Labour to fire starting gun on long election campaign against Tories

Party leader Keir Starmer showcased among list of core pledges to woo electorate, but promises run shy of detail

Britain’s Labour Party has stepped up its preparations for the next general election by effectively firing the starting gun on Thursday on a long campaign to woo voters.

Keir Starmer and several members of his shadow cabinet will be in Essex for the launch what the party is calling its “first steps” campaign, which includes a list of core pledges that it will sell to voters on doorsteps between now and the election later this year.

The campaign comprises six distinct policy promises on issues including the economy, immigration, energy, crime, health and education. It has echoes of the five pledges made 18 months ago by Tory prime minister Rishi Sunak, which included promises to grow the economy and “stop the boats”.

Labour’s version leads with a promise to “stabilise the economy” with strict spending controls. It also pledges to cut NHS waiting times and launch a new border security command staffed with hundreds of investigators to tackle illegal immigration and people trafficking. The fourth pledge is to set up a publicly owned Great British Energy company to supply “clean power”. Fifth is a promise to “crack down on anti-social behaviour” with more police. Finally, it promises 6,500 new teachers.


A Labour spokesman told reporters in Westminster the six pledges would be itemised and printed out in credit card size, to be handed out to voters. It is also launching a big billboard campaign in battleground seats that it hopes to win back from the Tories. The first-steps campaign will represent the party’s biggest advert spend since the last general election in 2019.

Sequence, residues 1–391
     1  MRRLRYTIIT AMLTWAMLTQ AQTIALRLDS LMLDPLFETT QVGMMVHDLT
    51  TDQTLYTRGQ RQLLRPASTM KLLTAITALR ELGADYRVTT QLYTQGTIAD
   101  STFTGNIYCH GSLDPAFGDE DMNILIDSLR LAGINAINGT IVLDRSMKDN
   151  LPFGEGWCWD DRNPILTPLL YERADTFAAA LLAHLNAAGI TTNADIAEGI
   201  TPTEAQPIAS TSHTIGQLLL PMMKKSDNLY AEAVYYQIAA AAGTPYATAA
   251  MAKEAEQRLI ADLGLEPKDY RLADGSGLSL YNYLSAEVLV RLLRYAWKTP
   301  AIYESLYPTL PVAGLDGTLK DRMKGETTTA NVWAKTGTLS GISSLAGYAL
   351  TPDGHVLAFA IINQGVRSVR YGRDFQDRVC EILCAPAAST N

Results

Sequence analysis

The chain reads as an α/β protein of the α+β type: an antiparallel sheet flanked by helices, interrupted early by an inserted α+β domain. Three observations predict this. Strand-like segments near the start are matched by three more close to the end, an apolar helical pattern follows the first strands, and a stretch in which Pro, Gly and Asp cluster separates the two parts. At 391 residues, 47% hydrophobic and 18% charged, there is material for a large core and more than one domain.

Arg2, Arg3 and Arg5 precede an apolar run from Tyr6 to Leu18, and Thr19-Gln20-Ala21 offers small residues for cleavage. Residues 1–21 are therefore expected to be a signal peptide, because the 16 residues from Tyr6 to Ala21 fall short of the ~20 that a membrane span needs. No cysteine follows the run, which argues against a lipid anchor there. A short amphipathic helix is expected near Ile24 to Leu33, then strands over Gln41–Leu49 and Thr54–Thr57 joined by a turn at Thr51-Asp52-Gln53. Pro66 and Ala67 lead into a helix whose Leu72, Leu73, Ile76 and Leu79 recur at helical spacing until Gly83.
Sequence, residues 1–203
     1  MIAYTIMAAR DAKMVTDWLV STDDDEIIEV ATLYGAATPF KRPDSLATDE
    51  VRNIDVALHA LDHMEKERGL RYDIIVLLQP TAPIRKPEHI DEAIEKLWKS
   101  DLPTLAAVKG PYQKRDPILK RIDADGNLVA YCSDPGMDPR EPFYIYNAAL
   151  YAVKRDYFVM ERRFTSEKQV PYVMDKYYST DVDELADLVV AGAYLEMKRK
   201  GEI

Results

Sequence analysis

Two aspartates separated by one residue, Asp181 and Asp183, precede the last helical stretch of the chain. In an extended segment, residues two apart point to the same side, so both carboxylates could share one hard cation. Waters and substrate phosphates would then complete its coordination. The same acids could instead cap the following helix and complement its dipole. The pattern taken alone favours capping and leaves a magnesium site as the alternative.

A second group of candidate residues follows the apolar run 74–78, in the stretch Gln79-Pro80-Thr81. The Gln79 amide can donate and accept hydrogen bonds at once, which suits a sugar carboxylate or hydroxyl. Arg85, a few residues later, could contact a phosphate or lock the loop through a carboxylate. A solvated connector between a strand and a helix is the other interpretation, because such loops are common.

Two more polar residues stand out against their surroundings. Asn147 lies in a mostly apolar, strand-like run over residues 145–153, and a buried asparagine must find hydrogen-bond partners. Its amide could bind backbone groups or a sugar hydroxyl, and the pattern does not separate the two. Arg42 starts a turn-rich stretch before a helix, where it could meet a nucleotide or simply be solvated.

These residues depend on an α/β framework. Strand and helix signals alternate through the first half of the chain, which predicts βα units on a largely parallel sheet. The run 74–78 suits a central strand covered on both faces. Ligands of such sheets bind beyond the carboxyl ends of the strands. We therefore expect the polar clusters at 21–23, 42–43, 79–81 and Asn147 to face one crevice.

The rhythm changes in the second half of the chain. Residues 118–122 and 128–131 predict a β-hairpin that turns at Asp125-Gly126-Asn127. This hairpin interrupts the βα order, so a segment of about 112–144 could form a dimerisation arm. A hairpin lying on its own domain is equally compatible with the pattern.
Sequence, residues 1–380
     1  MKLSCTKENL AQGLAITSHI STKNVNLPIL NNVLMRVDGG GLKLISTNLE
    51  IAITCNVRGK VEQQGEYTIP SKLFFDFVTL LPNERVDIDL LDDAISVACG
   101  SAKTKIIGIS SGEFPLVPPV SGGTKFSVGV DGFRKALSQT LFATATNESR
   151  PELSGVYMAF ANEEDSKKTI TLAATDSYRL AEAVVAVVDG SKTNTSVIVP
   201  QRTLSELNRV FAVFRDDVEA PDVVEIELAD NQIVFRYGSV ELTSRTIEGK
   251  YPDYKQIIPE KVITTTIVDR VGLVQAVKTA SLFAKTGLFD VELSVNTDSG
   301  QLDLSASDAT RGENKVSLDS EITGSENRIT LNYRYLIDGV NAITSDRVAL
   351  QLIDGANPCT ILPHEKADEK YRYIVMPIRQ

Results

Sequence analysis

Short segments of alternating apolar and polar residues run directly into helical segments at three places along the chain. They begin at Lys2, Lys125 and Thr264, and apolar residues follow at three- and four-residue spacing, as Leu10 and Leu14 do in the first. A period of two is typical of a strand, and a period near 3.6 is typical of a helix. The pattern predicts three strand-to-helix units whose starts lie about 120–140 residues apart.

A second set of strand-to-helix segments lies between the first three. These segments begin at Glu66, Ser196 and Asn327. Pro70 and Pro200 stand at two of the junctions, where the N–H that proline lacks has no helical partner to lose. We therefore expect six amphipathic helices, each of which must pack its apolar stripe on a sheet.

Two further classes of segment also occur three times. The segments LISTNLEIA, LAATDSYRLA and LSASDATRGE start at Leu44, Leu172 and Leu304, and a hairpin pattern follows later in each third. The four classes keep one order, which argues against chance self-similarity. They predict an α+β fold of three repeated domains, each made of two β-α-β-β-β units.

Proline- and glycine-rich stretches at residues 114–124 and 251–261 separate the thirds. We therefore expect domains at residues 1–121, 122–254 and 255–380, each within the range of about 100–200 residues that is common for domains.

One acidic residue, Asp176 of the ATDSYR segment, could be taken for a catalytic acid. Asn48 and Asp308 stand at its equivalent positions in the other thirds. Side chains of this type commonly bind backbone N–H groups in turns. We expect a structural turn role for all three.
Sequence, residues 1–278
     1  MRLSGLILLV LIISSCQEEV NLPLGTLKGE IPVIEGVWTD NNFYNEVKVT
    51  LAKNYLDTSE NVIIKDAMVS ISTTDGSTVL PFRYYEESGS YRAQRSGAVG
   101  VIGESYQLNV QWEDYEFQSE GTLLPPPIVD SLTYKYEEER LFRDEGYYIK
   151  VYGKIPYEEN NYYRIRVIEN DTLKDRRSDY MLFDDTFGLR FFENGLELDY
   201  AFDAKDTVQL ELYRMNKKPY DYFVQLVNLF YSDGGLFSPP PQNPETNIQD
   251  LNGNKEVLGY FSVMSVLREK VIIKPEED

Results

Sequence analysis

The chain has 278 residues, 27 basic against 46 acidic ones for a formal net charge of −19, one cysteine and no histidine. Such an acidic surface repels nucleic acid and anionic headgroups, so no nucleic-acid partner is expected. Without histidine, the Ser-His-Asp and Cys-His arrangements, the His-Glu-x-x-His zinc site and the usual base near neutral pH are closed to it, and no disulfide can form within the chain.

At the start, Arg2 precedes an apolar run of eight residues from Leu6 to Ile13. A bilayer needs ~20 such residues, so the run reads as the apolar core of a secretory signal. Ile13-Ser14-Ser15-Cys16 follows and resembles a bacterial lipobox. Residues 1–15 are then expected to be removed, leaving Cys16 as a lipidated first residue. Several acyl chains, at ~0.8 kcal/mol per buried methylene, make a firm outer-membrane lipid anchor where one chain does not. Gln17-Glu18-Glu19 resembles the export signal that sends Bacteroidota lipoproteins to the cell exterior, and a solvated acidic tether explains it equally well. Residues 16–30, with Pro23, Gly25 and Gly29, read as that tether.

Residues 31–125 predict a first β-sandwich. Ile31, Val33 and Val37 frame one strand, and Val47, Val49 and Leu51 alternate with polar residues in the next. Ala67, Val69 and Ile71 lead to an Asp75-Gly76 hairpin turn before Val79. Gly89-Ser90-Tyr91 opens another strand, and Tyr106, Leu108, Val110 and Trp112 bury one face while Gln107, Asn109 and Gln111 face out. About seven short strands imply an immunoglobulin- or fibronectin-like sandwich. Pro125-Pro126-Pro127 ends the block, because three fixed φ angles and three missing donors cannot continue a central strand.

Starmer will travel to Essex, just outside London, to launch the campaign with a promise that a list of six policies represents a “downpayment on change”.

The poster campaign is particularly notable for how Starmer himself is pushed to the fore of the message, as Labour and the Tories prepare for a highly personalised Starmer vs Sunak-style campaign in which the merits of their respective leaders are at the heart of the debate.

Labour’s posters include the six-strong list of “my promises” illustrated by a stern-looking Starmer with his sleeves rolled up. When asked if it represented a “presidential style campaign”, a Labour spokesman confirmed it was a deliberate strategy to bring him to the fore.

“We wanted to put his personal stamp on it. People want to hear from the party leader. The posters show someone ready to serve with his sleeves rolled up, wanting to get on and work for the British people,” said the spokesman.

The six promises are also notable for how vague and immeasurable they seem, in contrast to Sunak’s pledge to, for example, “stop the boats” of refugees. The prime minister has faced criticism for not meeting many of his better-defined pledges, suggesting Labour is trying to avoid similar criticisms down the line. Except for the 6,500 teachers, none of the other Labour pledges contain much by way of metrics.

“What is crucial about these commitments is that they are part of a long-term plan to get Britain back on its feet,” Starmer is due to say on Thursday in Essex, in advance of the formal campaign launch.

While the launch signifies the beginning of an extended campaign for the election, Labour’s full manifesto will not be published until the prime minister starts the short campaign, which is expected to be about six weeks long, possibly in mid-November.

Labour is an average of about 20 percentage points ahead of its Tory rivals in most opinion polls, which suggests that the Tories’ 14-year stint in power may be nearing an end.